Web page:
With changeovers becoming more frequent, how do food manufacturers make them more efficient? Three experts share some tips and tactics

No matter how automated a food manufacturer's process, everything comes to a screeching halt when a line changeover must be performed. And with the increase in mass customized products, changeovers are occurring with greater frequency.

"Mass customization is driving manufacturers absolutely nuts," groans John R. Henry, who consults with food companies on changeover issues through his firm, Changeover.com. "If consumers say, 'I don't want a package with four Oreo cookies, I want one with three,' the manufacturer has to comply."

Changeovers are not simply a disruption in the rhythm of a plant. They are events where man and machine come together, when personality is introduced as a variable of operations. Understanding and managing that variable is essential if firms are to execute changeovers faster and better than they have in the past.

Packaging accounts for the lion's share of changeovers, so it's not surprising that much of the work done by three changeover experts approached by Food Engineering for this report focuses on that department. What was surprising was the human relations orientation of the three: Henry holds a Master's degree in human resource management; Jerry Claunch, of Claunch & Associates majored in psychology before embarking on three decades' work in manufacturing; and Jim Pfister, president of Finished Goods Enterprises, focused on the human dynamic when devising strategies for minimizing packaging line downtime at Food Engineering's Plant Tech 2001 conference.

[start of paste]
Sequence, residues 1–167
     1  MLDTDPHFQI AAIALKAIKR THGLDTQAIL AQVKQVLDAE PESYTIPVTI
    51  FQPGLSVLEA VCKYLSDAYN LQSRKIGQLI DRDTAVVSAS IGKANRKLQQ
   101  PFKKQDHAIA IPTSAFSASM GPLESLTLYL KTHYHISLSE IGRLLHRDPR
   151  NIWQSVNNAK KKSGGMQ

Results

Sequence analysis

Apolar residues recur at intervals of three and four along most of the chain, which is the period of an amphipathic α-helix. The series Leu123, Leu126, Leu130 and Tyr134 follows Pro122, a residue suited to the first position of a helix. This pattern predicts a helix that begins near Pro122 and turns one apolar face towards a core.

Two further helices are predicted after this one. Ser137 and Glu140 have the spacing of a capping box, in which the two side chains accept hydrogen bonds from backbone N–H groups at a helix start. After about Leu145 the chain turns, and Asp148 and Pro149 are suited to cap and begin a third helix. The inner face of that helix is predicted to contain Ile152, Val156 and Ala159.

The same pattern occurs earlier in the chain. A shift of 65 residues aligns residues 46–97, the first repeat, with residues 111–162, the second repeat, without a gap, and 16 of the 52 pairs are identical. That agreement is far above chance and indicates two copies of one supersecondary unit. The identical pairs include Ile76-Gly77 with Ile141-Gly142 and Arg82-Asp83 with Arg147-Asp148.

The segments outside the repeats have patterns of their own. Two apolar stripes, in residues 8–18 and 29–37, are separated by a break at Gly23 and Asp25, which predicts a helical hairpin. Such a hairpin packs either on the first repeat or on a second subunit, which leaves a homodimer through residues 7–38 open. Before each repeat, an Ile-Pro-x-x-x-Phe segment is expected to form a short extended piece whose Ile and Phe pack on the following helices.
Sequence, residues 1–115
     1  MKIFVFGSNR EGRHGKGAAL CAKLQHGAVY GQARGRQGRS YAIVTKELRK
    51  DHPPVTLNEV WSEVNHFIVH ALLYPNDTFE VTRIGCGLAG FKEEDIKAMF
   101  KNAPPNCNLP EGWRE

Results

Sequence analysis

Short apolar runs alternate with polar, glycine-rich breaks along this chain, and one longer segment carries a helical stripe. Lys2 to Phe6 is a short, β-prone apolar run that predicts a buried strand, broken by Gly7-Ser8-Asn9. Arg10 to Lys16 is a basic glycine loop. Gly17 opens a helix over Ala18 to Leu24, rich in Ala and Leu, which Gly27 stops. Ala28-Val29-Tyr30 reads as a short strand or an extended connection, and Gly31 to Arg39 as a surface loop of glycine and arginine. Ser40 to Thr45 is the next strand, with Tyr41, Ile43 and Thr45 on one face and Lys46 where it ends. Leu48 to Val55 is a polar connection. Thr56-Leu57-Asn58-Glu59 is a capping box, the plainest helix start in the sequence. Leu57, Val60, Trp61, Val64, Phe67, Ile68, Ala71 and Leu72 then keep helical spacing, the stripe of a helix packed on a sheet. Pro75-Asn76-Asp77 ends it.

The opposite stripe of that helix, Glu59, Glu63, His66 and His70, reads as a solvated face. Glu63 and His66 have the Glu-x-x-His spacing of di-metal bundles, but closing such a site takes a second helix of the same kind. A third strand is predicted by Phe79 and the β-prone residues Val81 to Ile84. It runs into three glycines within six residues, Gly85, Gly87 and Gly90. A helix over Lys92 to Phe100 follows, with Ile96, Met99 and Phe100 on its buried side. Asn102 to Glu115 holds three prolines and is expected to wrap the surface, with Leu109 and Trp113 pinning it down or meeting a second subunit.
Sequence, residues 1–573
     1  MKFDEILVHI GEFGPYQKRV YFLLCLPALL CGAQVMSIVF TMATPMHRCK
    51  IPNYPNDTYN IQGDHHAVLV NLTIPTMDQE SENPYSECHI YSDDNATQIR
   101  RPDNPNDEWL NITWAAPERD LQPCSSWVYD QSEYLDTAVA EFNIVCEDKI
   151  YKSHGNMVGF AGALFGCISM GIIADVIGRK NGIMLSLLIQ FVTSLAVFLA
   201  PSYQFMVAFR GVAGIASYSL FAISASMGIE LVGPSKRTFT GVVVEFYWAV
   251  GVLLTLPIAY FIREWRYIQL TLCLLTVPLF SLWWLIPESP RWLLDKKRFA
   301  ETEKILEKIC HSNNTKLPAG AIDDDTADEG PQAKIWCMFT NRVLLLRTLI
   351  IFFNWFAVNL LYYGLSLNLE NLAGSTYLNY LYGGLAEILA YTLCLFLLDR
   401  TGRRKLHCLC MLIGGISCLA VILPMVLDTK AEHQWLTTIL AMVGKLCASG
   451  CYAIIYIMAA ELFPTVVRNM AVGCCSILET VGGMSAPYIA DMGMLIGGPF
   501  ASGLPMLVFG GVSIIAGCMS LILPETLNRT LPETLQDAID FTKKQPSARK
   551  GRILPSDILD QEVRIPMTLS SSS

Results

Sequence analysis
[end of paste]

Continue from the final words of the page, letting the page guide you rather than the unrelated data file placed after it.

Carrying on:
All three emphasize that data gathering is the critical first step before any changes are made. But personalities are almost as important in a successful process of identifying problem areas and training operators to execute new procedures. When the art of communications and the science of engineering meet, it's important to have the right personality types working together.

Personality crisis

"If a group of people have to work together for any purpose, you can almost predict the outcome based on the personality types involved," says Pfister, a food engineer based in Mechanicsburg, Pa. "The key is to be aware of that and not allow the personality types to create an impasse."

Engineers by nature are detail oriented. They can be characterized as thinkers, Pfister says, and that personality type is perfect for well-defined, targeted changeover projects. But if the project needs to be done quickly and efficiently, they need to be led by a director personality. Plant managers are good examples of the director personality. They prevent projects from bogging down in endless study.

Other changeover projects are very open-ended, and a wide assortment of viewpoints on equipment needs and personnel demands need to be considered. In those instances, a socializer personality should head the project, he says.